A former Venezuelan general accused of participating in the Narcotello plot with the country’s president Nicolas Maduro says he has no way to participate in such a plan.
After all, how did Cliver Antonio Alcala Cordones collude with Maduro when the CIA learned that he was one of the rebels? Working on capsizing Maduro’s socialist government?
This was a discussion made by Cordones lawyers in a motion on January 29 to dismiss Narcoterrorism, corruption, drug trafficking, and other criminal charges against him.
According to the Department of Justice (DOJ), Cordones colluded with Maduro, other top executives of the Venezuelan administration, and members of Colombia’s Fuersas Armadas Revolsionarias de Colombia (FARC) to ship cocaine to the United States.Defendants have done so for almost 20 years to fund their activities and “to undermine the health and well-being of our country,” said US lawyer Jeffrey Berman when. Price announcement March 2020.
However, according to Cordones, the DOJ provides little evidence to link him to Maduro’s plot.
“The claims in this case are a stunning and overwhelming equivalent, both in scope and content,” said Cordones’ lawyer in a motion to dismiss on January 29, in which the client made several specific claims. He added that they are both protected by a sovereign immunity. I’m against him.
That should be enough to dismiss the accusation against Cordones, his move argued. But if this is not the case, the motion must begin to create thousands of records of the proceedings against Cordones, including information allegedly indicating his anti-Maduro activity over the past few years, the motion said.
“There is reason to believe that reports of General Alcala Cordones’ activities were communicated at the highest level of many US government agencies such as the Central Intelligence Agency (CIA), the Treasury, the National Security Council, DEA, and DOJ.” Said.
“Such evidence will cast doubt on the government’s theory of prosecution and support the defense of withdrawal from such plots to the extent that the government can prove such plots.”
The details of Cordones’ alleged anti-Maduro activity are read like spy novels.
According to the motion, Cordones joined the Venezuelan army at the age of 17, served for 30 years, and then retired in 2013 when former President Hugo Chavez died. The ideal of democracy that General Alcala Cordones has supported in his long career. “
“Therefore, he declined the offer of two separate embassy-based positions in Maduro and retired from the army just four months after Maduro took office. This is his 30-year military service. It was in line with the achievement, “said the motion.
This move described Cordones as Maduro’s “notorious enemy” for the next few years.
“General Alcala Cordones’ opposition to Maduro quickly escalated, and by 2017, General Alcala Cordones, with the knowledge of the U.S. Government, was willing to make the first attempt to dismiss Maduro and his associates through military intervention. I started planning for it, “said the motion. “These were not theoretical discussions of democratic change, these were plans for an armed rebellion against the government and its leadership.”
Such an first attempt was planned for March 2018, but the Venezuelan government learned of the plan and shattered it. According to Filing, Cordones fled to Colombia, where he continued to participate in anti-Maduro activities.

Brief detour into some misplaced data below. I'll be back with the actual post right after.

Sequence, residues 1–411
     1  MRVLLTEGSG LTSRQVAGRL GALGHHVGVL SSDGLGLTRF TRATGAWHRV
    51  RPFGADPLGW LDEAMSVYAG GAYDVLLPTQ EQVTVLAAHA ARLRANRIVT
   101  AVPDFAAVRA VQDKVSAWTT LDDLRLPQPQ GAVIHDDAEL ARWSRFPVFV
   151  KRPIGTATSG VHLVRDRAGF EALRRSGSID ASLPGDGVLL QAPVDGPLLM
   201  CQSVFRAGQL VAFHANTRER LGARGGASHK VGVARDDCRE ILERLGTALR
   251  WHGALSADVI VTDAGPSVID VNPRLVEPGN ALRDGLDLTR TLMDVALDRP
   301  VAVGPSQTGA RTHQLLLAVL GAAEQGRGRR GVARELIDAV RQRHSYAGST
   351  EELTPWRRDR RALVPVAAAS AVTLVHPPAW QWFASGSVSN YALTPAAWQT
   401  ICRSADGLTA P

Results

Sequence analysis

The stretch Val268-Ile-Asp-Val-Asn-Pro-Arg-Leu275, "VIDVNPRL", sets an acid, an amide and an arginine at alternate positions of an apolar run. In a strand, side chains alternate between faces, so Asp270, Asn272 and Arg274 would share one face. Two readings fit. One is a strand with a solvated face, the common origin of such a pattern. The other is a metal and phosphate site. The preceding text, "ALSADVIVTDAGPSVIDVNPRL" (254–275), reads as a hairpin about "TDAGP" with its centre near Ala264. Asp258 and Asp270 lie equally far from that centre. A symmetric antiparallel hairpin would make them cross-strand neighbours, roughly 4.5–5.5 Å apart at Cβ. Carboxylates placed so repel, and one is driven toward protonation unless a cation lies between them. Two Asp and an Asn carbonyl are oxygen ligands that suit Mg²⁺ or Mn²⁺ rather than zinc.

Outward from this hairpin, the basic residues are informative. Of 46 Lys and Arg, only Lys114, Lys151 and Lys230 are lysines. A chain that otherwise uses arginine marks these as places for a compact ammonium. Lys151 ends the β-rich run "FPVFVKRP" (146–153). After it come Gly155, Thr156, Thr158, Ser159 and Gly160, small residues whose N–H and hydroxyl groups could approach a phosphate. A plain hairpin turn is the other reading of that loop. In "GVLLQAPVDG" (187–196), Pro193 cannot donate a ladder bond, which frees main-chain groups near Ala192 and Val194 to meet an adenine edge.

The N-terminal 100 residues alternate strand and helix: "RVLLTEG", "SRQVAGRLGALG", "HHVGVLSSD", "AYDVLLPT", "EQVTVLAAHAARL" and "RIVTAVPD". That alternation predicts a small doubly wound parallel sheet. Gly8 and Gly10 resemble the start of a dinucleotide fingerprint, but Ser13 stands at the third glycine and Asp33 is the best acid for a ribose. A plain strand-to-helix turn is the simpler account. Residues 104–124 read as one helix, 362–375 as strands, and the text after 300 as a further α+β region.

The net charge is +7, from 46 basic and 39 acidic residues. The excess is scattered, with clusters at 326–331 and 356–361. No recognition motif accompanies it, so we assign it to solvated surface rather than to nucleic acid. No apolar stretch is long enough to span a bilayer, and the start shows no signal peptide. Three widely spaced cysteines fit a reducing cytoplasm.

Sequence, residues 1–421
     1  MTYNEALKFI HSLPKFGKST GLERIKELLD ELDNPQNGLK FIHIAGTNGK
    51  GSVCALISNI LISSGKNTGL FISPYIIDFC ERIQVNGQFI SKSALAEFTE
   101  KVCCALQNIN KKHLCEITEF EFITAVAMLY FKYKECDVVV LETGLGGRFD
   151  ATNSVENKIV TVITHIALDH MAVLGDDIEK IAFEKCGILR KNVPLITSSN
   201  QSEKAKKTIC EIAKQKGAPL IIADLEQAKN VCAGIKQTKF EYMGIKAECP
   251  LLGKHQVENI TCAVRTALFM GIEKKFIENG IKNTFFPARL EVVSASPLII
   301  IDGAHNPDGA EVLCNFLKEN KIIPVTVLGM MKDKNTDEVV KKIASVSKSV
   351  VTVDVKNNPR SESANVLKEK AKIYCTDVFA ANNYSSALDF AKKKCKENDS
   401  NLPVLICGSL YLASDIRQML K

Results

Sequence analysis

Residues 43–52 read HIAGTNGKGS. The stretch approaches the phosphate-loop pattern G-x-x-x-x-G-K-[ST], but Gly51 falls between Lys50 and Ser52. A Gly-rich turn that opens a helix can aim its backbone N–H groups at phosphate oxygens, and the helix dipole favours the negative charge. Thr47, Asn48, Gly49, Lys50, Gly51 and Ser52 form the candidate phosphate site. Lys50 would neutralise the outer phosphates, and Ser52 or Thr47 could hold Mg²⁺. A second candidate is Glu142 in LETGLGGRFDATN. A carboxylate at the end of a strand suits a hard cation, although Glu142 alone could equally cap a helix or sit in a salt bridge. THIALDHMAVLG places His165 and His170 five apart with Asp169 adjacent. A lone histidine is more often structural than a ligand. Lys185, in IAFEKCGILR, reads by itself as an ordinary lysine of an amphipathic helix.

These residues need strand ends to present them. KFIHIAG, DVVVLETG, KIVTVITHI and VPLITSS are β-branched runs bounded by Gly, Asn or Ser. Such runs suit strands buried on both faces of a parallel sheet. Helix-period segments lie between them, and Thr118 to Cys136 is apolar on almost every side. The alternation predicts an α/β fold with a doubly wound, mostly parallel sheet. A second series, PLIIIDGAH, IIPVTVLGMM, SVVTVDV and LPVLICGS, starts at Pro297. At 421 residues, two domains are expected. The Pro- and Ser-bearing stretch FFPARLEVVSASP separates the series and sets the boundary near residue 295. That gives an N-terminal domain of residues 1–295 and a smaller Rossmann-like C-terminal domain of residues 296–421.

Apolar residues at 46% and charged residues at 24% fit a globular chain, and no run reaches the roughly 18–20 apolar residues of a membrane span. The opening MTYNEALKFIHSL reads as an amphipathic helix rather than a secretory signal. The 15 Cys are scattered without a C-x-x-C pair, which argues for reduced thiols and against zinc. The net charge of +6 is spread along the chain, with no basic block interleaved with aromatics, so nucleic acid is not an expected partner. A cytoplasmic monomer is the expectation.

On the eve of the second attempted coup in 2020 —This also failed—Cordones said he was contacted directly by a US law enforcement officer who informed him of the indictment of drug terrorism.
“The agent told General Alcala Cordones that he would either board a private jet to New York or be held in a Colombian prison and be the target of Venezuelan intelligence for assassination,” the motion said. rice field. “With few choices, General Alcala Cordones agreed to accompany the agent back to the United States.”
According to the motion, Cordones is demanding a record of the US government’s knowledge that it has participated in two coup attempts against Maduro since November last year. Cordones has not received such a record, so he said he is seeking a court order for production.
“The court should order the government to produce all materials related to General Alcala Cordones’ plans and coup attempts against Maduro,” the motion said. “We have requested the preparation of such material in that it provides direct evidence of the defense case, and we require the court to specifically order its preparation.”
The prosecutor has not yet accepted the submission. The DOJ and the Drug Enforcement Agency (DEA) declined to comment. The CIA and the Treasury did not respond to requests for comment.
In a September 2018 article on a coup plan in Venezuela last year, the New York Times reported that US officials had met with Venezuelan rebels but denied their appeal for help.
“The main demand of military plotters is encrypted radio, and they planned to use it to communicate between them to capture Mr. Maduro and his adjutant,” the New York Times is unnamed. Reported by citing an interview with US officials and a former Venezuelan military commander.
“But the United States never accepted the request, and after many meetings, the Venezuelans became frustrated.”
After a second coup attempt against Maduro failed in 2020, it involved at least two former US soldiers fighting as mercenaries, but President Donald Trump denied any connection to the plot.
“Whatever it is, we’ll let you know,” Trump told reporters at the time. “But it has nothing to do with our government.”